I have been doing a careful reading of Barrett's book "How Emotions are Made: The Secret Life of the Brain" - hence the decreased frequency of MindBlog posts. Much of the material in the book references research that MindBlog has dutifully reported, showing that our brains are prediction machines working with statistical probabilities, how what we see is what we expect to see, etc. But MindBlog has been seriously remiss in not pointing out the conflicts with, and continuing to use, concepts and categories that we now know to be flawed, such as the triune brain model, emotional categories and facial expressions that are erroneously claimed to be universal across cultures, etc. When I have finished my reading and abstracting of Barrett's book, I hope to pass on a synopsis of the main points, trying to be cautious about the new constructionist models replacing older essential assumptions about evolutionarily hard wired circuits dedicated to specific emotional categories. I want to be sure I'm not tossing out the baby with the bathwater, as far as our older essentialist explanations are concerned. Anyway, as this post's title indicates, I'm diverting time away from the scanning of journals' tables of contents that I use to find interesting material to post.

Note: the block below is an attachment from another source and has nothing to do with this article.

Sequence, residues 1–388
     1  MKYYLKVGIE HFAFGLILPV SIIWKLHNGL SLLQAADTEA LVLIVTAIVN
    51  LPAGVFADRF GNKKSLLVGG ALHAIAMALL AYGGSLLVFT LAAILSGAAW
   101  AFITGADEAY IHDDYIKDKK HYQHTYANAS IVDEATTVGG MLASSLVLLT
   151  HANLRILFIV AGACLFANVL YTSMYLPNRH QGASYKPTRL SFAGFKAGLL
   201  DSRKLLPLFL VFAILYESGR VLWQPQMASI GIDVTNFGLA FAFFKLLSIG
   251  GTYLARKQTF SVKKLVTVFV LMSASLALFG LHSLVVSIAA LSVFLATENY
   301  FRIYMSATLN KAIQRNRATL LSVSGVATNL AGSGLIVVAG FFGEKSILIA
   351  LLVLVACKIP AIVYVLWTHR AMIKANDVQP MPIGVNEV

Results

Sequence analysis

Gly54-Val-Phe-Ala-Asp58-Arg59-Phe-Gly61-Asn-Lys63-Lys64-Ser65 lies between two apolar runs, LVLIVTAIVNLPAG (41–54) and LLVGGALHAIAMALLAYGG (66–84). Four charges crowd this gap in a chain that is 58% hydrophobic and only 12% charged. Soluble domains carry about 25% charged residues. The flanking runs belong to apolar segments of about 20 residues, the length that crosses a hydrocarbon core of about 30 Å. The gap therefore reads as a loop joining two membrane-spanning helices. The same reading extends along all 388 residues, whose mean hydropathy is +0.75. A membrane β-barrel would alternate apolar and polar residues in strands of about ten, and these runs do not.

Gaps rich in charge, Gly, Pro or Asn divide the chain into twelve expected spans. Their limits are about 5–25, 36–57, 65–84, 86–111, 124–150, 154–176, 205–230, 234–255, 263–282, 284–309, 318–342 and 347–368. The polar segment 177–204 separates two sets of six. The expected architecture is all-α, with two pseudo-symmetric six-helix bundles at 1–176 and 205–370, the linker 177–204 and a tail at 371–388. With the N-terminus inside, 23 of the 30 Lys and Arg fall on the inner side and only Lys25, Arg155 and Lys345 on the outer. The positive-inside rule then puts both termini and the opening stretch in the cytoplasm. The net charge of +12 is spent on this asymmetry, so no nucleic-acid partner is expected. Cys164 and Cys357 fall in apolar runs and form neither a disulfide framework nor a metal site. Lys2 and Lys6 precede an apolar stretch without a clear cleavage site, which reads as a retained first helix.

Here is the first installment in the series of posts on Barrett's book.